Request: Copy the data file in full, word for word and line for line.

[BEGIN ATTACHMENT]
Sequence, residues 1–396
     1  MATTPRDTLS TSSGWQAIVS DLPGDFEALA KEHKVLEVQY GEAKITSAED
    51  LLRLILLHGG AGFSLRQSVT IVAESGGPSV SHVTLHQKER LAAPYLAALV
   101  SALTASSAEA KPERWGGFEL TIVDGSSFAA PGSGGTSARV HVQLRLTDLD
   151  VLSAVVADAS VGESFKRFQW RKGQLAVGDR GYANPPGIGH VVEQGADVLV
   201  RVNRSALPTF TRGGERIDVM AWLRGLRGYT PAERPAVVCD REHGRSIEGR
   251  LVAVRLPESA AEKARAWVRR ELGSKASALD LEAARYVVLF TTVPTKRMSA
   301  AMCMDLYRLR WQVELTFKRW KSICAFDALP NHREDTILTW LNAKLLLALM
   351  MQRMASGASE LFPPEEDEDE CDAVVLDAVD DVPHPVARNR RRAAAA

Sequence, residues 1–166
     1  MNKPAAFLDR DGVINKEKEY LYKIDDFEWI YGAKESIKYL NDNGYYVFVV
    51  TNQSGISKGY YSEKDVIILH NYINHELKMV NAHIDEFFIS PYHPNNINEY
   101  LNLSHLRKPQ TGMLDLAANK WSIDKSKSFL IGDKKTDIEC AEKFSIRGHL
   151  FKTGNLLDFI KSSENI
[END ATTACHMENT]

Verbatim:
Sequence, residues 1–396
     1  MATTPRDTLS TSSGWQAIVS DLPGDFEALA KEHKVLEVQY GEAKITSAED
    51  LLRLILLHGG AGFSLRQSVT IVAESGGPSV SHVTLHQKER LAAPYLAALV
   101  SALTASSAEA KPERWGGFEL TIVDGSSFAA PGSGGTSARV HVQLRLTDLD
   151  VLSAVVADAS VGESFKRFQW RKGQLAVGDR GYANPPGIGH VVEQGADVLV
   201  RVNRSALPTF TRGGERIDVM AWLRGLRGYT PAERPAVVCD REHGRSIEGR
   251  LVAVRLPESA AEKARAWVRR ELGSKASALD LEAARYVVLF TTVPTKRMSA
   301  AMCMDLYRLR WQVELTFKRW KSICAFDALP NHREDTILTW LNAKLLLALM
   351  MQRMASGASE LFPPEEDEDE CDAVVLDAVD DVPHPVARNR RRAAAA

Sequence, residues 1–166
     1  MNKPAAFLDR DGVINKEKEY LYKIDDFEWI YGAKESIKYL NDNGYYVFVV
    51  TNQSGISKGY YSEKDVIILH NYINHELKMV NAHIDEFFIS PYHPNNINEY
   101  LNLSHLRKPQ TGMLDLAANK WSIDKSKSFL IGDKKTDIEC AEKFSIRGHL
   151  FKTGNLLDFI KSSENI